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I wish to speak in favour of amendment 73, which was spoken to by my hon. Friend the Member for Edinburgh East (Tommy Sheppard). The amendment asks that workers’ rights be agreed by the Joint Ministerial Committee and seeks to clarify the role of the committee in this regard. There are three reasons why that should be done. First, there is divergence. Employment law is totally devolved to Northern Ireland; it is partially devolved to Wales, where the Welsh Assembly took the decision—rightly, my view—to amend the worst aspects of the anti-Trade Union Act; but, for reasons beyond my understanding, employment law is not yet devolved to Scotland. Secondly, there is a real concern about the impact on women workers, who would be very vulnerable to roll-back given the history of delivery on these measures, especially as most have been informed by EU directives and law. Thirdly, of course, there is a trust issue. Who would trust a Conservative Government on their commitments to workers’ rights?

The amendment is designed to explore the extent of the Government’s respect for the Joint Ministerial Committee’s role, and the extent to which they intend to use their powers. Either they respect joint working and consultation to achieve the best solutions in a post-Brexit world—in that case, the amendment should pose no challenges—or there is an agenda of bypassing the devolved Administrations at every turn, and shifting power and decision making back to Westminster.

The Henry VIII powers are a constitutional affront, given the secretive nature of their use. Ministers could use them to bypass Parliament, the judiciary and the devolved Administrations, or quietly to reshape the law without scrutiny. When it comes to employment law, I contend that the Government might wish discreetly to reverse particular Supreme Court decisions on, for example, the civil service compensation scheme, workplace consultations and industrial tribunal fees. In the Unison case, the Supreme Court held that the fees order was unlawful as a matter of not only domestic law, but EU law. Given all the cases in which the Government of the day have suffered a reversal of a decision to which they held so strongly that they were prepared to go to the Supreme Court, and in which EU law formed part of the judgment against them, it is not fanciful to think that they might want revisit the issues, especially when it comes to employment law and workers’ rights.

When Brexit fails to deliver the promised economic bonanza, it is logical to assume that a free market, anti-worker party will look to erode workers’ rights to boost profits. I commend to the Committee the TUC paper “Women workers’ rights and the risks of Brexit”. It outlines clearly and in detail the specific threat that Brexit poses to women workers. Legislation and protections have evolved under the protection of EU law, so we are right to be concerned that removing that umbrella will mean that there are stormy days ahead for women workers.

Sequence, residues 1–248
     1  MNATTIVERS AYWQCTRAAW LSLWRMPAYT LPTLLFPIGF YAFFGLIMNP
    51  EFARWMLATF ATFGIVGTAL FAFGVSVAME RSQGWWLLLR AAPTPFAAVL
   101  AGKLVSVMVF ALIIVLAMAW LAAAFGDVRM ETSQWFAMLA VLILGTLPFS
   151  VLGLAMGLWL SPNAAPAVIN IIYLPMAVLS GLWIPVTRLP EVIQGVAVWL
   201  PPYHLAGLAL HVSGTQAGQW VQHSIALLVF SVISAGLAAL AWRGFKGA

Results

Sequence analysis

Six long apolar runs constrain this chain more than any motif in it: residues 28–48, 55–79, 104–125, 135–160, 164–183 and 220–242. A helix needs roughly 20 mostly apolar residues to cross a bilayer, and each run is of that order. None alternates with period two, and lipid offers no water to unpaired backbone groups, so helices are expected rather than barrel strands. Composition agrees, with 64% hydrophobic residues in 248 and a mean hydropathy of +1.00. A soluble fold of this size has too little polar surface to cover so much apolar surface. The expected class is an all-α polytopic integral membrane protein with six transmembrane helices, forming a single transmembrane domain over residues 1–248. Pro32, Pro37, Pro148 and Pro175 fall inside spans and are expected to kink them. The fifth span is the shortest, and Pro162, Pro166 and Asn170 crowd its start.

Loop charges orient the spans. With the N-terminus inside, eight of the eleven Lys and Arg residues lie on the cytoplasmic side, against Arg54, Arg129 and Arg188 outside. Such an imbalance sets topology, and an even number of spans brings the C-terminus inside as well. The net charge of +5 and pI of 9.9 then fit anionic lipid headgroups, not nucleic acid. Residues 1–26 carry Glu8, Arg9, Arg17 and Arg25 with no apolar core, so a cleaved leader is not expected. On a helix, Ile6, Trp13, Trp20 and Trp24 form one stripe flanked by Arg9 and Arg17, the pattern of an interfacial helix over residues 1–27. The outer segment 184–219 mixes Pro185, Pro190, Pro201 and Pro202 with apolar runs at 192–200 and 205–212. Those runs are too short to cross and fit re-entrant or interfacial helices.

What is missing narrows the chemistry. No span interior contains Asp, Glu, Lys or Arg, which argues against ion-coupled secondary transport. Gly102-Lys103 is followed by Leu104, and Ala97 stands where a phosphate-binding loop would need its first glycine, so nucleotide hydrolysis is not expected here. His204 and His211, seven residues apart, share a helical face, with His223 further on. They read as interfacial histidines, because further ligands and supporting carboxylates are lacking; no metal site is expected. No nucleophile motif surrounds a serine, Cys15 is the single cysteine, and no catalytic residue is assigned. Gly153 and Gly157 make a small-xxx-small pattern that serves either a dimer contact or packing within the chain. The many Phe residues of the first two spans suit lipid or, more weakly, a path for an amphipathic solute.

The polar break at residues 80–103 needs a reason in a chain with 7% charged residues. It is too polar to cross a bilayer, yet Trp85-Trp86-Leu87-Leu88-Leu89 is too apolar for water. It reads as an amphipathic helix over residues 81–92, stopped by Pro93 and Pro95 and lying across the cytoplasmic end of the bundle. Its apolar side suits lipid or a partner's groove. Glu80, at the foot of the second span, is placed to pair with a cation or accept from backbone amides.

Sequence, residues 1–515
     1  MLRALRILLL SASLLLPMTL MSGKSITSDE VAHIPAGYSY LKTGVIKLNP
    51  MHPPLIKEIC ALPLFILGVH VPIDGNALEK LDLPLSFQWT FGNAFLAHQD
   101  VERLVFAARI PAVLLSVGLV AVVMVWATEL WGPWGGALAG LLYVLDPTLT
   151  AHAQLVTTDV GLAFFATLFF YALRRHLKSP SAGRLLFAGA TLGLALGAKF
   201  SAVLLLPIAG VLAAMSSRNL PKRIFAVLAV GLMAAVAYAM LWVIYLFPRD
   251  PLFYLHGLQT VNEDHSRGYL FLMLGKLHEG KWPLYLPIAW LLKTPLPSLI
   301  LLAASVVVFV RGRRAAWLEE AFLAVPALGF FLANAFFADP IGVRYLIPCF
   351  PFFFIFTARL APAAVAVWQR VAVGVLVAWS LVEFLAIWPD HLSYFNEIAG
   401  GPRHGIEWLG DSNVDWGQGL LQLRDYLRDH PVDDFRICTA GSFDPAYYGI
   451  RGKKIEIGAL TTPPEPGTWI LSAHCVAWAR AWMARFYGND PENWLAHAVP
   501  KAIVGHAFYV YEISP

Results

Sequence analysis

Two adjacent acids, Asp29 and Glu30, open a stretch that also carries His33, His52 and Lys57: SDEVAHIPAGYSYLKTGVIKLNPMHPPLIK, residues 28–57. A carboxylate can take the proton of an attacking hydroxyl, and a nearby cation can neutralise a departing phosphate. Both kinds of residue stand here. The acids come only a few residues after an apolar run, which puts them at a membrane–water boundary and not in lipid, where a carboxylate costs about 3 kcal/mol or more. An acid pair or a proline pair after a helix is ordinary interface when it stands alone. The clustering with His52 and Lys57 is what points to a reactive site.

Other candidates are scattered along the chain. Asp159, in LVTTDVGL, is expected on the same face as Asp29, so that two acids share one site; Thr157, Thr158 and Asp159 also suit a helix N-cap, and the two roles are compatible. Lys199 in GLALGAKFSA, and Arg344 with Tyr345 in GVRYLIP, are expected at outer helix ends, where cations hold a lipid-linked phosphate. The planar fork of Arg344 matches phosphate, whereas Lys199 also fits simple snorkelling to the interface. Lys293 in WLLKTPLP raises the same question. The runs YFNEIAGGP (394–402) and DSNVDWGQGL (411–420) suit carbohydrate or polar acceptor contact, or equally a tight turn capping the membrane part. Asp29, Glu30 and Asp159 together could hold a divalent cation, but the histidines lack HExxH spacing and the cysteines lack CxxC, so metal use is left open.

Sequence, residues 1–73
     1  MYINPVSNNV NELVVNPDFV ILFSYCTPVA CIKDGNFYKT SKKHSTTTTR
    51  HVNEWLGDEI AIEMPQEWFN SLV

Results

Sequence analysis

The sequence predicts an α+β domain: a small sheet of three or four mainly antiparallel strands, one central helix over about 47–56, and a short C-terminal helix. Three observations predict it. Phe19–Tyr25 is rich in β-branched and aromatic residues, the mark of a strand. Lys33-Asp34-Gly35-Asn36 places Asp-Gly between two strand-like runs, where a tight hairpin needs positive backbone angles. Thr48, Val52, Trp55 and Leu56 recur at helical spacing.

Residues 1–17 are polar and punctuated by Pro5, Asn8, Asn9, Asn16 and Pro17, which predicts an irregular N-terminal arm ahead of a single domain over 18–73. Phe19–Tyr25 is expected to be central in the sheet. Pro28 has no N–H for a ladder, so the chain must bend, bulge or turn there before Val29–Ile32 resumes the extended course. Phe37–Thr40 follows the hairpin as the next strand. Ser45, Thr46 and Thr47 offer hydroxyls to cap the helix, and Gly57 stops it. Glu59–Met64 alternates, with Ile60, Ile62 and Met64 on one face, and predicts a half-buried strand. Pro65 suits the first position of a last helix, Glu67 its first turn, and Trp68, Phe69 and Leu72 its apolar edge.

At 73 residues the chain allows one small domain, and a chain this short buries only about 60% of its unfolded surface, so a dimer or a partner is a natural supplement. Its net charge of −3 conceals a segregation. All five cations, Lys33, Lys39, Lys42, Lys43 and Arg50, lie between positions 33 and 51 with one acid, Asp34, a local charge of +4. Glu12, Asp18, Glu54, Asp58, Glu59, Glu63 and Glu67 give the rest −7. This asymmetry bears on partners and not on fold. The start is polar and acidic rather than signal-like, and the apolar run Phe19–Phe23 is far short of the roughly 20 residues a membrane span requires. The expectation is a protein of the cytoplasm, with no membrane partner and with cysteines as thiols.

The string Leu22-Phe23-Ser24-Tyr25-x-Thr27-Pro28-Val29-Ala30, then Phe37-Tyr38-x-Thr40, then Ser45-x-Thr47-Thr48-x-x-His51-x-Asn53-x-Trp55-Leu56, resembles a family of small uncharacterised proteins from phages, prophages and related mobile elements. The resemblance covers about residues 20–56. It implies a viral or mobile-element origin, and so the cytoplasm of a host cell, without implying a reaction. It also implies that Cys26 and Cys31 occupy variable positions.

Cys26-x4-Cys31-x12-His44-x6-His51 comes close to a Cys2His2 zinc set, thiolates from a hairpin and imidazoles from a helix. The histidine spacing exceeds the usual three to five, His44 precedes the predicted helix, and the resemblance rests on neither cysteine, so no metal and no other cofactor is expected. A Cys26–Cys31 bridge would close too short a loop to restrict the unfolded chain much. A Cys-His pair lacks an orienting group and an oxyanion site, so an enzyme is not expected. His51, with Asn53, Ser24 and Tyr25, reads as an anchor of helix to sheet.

It is not so much that the rights concerning equal pay, maternity and sex discrimination will disappear overnight, but I share the concerns that hard-fought rights will be eroded, particularly if that can be done under the cover of statutory instrument and ministerial diktat. We saw that with the anti-Trade Union Act 2016—not just in the attitudes of Conservative Members in the Chamber, but in the approach to delegated legislation.

Stephen Doughty Portrait Stephen Doughty
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The point that the hon. Gentleman makes is absolutely right. Is it not also the case that the Government have tried to undermine the Welsh Government’s efforts to protect trade unions by trying to strike down parts of that Act?

Chris Stephens Portrait Chris Stephens
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I thank the hon. Gentleman for making that point for me. He is absolutely correct that that is what the Government are trying to do. Statements have been made in the House of Lords, including by the former chair of the European Conservatives and Reformists group in the European Parliament, who has previously called for the scrapping of

“the working time directive, the agency workers’ directive, the pregnant workers’ directive and all the other barriers to actually employing people.”

That was said by Lord Callanan, now a Minister of State at the Department for Exiting the European Union—and the Conservatives ask us to trust them on workers’ rights! I would not trust them enough to send them out for the rolls in the morning. The Tories cannot be trusted on workers’ rights; if they were truly interested in workers’ rights, they would accept the amendment.

Chris Leslie Portrait Mr Leslie